Outbreaks of myxomatosis in Egyptian domestic rabbit farms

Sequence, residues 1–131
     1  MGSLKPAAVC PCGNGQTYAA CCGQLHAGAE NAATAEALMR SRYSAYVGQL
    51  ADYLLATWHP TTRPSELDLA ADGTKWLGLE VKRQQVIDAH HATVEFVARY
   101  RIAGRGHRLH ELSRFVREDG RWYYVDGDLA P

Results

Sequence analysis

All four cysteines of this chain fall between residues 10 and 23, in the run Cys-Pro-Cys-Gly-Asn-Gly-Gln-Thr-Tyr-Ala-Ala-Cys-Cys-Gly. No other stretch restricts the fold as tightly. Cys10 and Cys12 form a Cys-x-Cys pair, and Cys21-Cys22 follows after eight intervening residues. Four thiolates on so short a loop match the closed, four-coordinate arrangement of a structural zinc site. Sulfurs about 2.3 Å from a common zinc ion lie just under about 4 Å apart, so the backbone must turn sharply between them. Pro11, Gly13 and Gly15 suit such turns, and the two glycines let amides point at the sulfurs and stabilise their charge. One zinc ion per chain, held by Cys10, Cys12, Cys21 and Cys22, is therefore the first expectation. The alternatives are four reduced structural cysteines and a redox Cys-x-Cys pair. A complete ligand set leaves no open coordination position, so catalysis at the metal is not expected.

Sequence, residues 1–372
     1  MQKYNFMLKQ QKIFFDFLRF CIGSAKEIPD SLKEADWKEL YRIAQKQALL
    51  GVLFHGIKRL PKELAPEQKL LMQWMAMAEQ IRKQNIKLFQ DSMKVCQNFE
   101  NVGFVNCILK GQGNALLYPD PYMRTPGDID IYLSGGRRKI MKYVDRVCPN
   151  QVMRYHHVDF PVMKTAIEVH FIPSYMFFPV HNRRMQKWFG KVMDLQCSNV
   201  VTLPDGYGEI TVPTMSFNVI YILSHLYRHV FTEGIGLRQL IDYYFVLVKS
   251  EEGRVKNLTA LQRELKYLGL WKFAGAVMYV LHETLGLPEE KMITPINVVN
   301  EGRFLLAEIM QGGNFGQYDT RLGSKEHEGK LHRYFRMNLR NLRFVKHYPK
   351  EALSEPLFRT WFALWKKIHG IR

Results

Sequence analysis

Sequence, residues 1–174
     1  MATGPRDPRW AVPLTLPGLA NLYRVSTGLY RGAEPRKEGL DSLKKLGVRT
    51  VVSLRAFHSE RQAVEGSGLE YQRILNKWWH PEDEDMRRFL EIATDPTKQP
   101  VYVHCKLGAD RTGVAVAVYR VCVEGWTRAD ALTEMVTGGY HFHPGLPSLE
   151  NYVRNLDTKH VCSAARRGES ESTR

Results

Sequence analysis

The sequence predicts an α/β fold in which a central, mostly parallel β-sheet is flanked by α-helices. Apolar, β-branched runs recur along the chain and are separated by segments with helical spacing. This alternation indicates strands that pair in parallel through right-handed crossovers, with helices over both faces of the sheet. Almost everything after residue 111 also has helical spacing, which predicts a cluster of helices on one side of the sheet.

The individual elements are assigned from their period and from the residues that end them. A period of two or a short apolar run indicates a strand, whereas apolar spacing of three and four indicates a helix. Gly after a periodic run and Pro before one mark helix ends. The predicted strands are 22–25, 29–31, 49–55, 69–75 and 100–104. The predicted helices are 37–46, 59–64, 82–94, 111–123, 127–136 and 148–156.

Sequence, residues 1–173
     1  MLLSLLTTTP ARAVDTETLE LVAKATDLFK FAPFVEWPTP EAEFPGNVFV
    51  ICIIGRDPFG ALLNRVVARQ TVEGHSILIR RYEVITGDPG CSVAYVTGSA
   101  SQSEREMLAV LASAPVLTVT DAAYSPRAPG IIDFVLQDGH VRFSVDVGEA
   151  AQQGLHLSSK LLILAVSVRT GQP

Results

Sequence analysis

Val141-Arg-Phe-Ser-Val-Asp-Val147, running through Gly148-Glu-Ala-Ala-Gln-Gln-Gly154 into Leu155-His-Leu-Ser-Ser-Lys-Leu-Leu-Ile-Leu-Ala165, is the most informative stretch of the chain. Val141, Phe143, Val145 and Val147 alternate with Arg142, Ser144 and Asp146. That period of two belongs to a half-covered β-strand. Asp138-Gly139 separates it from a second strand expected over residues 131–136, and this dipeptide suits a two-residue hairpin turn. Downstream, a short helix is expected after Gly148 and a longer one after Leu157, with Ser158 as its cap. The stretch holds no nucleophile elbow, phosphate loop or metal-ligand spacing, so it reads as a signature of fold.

Myxomatosis is an endemic infectious, severe and often fatal disease of rabbit caused by myxoma virus. In the present study, myxomatosis outbreaks were reported in 7 domestic rabbit farms in Egypt. Rabbits showed oedema of the eyelids, facial oedema and blepharoconjunctivitis. The morbidity and lethality rates were 18-100% and 20-80%, respectively. The myxomatosis diagnosis was based on histopathology, virus isolation on rabbit kidney cell line (RK-13), polymerase chain reaction (PCR) and sequence analysis. Histopathological examination revealed the presence of epidermal hyperplasia, dermal necrosis and intracytoplasmic eosinophilic inclusion bodies. The virus was isolated on RK-13 cells and induced cytopathic effect. Using PCR, a band of 471 base pair corresponding to the M071L gene was amplified from extracted DNA. Sequence alignment of four out of the 7 isolates revealed that these isolates were 98-99% identical to European and Australian rabbit myxoma reference viruses. In conclusion, rabbit myxomatosis outbreaks and virus isolation procedures are reported herein for the first time in Egypt. Preventive policies against disease circulation should be adopted by the national authorities.
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